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The Grey Havens
It looks a long time for the cleaning up of the Shire. Prisoners must be released and rogue ruffians must be caught. Homes must be restored and rebuilt. There are no trees or plants, and the Hobbits nearly despair until Sam remembers the soil that Galadriel gave him. He plants saplings all over the Shire and puts grains of the precious soil at the roots of these. He pays special attention to Hobbiton and Bywater. He saturates the soil of the Shire with the fine dust, and soon the Shire is restored to a greater glory than it has ever known.
Sam Gamgee marries Rosie Cotton and goes to live at Bag End with Frodo. Merry and Pippin live together at Crickhollow. Frodo grows old and his ailments bother him. Sam and Rosie have a daughter and they name her Elanor. When Elanor is six months old, and it is near Bilboís hundred and thirty first birthday, Frodo asks Sam to accompany him on a journey. He hands over Bilboís diary and his own account of the war of the Ring to Sam, so that he can complete it.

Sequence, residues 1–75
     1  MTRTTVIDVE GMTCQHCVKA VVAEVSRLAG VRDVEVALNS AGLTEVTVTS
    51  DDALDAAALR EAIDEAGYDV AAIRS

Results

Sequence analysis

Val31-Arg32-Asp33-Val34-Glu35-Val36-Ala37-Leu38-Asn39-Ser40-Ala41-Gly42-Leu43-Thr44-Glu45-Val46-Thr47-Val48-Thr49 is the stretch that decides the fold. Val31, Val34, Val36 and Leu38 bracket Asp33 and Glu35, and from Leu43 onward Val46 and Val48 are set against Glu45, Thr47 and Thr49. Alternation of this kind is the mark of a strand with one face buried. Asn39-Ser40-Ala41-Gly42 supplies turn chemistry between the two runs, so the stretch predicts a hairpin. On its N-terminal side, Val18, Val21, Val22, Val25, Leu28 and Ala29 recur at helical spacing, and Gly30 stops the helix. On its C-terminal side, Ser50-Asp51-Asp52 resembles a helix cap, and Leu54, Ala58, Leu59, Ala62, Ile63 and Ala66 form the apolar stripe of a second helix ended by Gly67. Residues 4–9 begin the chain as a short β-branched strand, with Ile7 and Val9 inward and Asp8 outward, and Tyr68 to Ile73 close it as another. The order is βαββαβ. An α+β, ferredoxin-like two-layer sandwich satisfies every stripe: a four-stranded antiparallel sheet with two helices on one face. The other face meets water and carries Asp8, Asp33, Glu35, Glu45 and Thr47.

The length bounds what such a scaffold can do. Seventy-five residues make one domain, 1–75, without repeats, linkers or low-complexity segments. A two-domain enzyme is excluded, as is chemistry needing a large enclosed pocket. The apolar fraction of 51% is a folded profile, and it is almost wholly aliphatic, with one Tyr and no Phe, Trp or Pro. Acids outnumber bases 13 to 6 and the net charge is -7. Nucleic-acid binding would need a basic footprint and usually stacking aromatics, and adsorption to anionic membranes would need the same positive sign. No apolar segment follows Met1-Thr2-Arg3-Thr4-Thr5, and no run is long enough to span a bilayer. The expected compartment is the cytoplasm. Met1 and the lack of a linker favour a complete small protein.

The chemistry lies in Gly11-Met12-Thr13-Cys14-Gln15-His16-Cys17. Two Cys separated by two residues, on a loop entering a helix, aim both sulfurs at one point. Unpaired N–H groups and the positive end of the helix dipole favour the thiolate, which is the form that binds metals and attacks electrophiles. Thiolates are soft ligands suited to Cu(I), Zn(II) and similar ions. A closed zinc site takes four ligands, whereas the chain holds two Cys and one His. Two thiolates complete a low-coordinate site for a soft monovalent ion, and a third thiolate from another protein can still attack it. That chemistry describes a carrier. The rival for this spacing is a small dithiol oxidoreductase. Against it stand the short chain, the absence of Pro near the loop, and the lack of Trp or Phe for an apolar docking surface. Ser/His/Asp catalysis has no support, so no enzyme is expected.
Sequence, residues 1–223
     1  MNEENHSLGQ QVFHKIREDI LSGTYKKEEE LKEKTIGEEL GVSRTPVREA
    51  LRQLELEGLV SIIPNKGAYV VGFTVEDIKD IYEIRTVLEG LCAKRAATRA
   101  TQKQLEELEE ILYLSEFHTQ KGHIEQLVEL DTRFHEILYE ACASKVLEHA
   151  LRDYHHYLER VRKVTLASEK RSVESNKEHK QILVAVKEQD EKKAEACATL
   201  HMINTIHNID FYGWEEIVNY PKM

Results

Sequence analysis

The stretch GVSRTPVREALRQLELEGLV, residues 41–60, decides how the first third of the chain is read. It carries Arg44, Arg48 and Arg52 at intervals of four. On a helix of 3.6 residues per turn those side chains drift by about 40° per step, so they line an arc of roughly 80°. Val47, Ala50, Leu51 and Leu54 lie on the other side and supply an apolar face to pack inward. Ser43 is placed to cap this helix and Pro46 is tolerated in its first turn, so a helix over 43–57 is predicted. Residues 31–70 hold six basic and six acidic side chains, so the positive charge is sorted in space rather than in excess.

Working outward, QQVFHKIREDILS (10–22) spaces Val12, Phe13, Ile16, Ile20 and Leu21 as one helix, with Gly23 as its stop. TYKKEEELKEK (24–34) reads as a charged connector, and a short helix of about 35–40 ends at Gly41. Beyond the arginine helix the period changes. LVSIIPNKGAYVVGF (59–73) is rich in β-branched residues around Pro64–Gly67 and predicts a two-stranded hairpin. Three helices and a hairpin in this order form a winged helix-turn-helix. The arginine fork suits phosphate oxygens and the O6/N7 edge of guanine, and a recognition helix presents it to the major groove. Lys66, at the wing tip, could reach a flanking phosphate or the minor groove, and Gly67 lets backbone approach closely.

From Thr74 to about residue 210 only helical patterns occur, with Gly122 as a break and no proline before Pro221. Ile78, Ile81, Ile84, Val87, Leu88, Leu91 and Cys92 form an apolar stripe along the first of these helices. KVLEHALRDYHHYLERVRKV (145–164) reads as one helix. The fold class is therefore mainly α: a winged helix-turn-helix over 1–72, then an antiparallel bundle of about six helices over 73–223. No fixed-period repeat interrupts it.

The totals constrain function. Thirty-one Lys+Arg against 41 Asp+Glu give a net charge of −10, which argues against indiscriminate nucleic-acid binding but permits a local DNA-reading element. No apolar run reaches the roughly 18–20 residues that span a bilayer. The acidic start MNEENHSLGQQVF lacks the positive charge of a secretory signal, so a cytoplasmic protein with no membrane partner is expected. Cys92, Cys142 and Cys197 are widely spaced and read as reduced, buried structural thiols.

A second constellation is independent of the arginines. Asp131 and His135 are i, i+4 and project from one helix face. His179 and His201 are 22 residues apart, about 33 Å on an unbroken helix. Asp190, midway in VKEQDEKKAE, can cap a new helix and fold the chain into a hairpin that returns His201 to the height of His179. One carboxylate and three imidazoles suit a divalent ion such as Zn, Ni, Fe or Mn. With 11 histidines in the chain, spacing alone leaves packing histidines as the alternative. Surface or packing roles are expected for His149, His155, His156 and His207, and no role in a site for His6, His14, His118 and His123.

Sam thinks that Frodo is off to Rivendell, but when they come to the Hills, they hear the voices of elves and Sam is surprised to see Elrond, Galadriel and Bilbo. Sam than realizes that Frodo is going to the Grey Havens and that he cannot go with him.
Frodo asks Sam to rule the Shire. He tells him that he and Bilbo are going to take their resting-places now, because their work is complete and because Bilbo is old and he (Frodo) will never completely heal. Then a white ship steered by Gandalf comes for the two Hobbits that had successfully transported the Ring. Merry and Pippin rush to the shore, telling Frodo that this is the second time he has tried to leave without saying good-bye. After the farewells are said, Gandalf takes his two Hobbits into the Grey Haven. Sam, Merry and Pippin are left standing on the shores of Middle-earth.
The three companions turn back and ride to the Shire. Sam poignantly closes this chapter of his life, and the novel, by taking his daughter on his lap and announcing, "Well, Iím back."
The Grey Haven, symbolic of heaven, becomes the resting- place for Tolkienís two great heroes, Bilbo Baggins and his protégé, Frodo. The novel opens with a changing-of-the-guard, and ends with the possibility of two more generations of leadership (Sam and Elanor). The test of any great novel is the openness of the reader to a sequel, whether in print or in the imagination. Tolkien, as a master of imagination, creates a rich vibrant world. The door is open for a new adventure. Whatís more, the door is open for a hero (or heroine) to pick up the ball and start it rolling once again.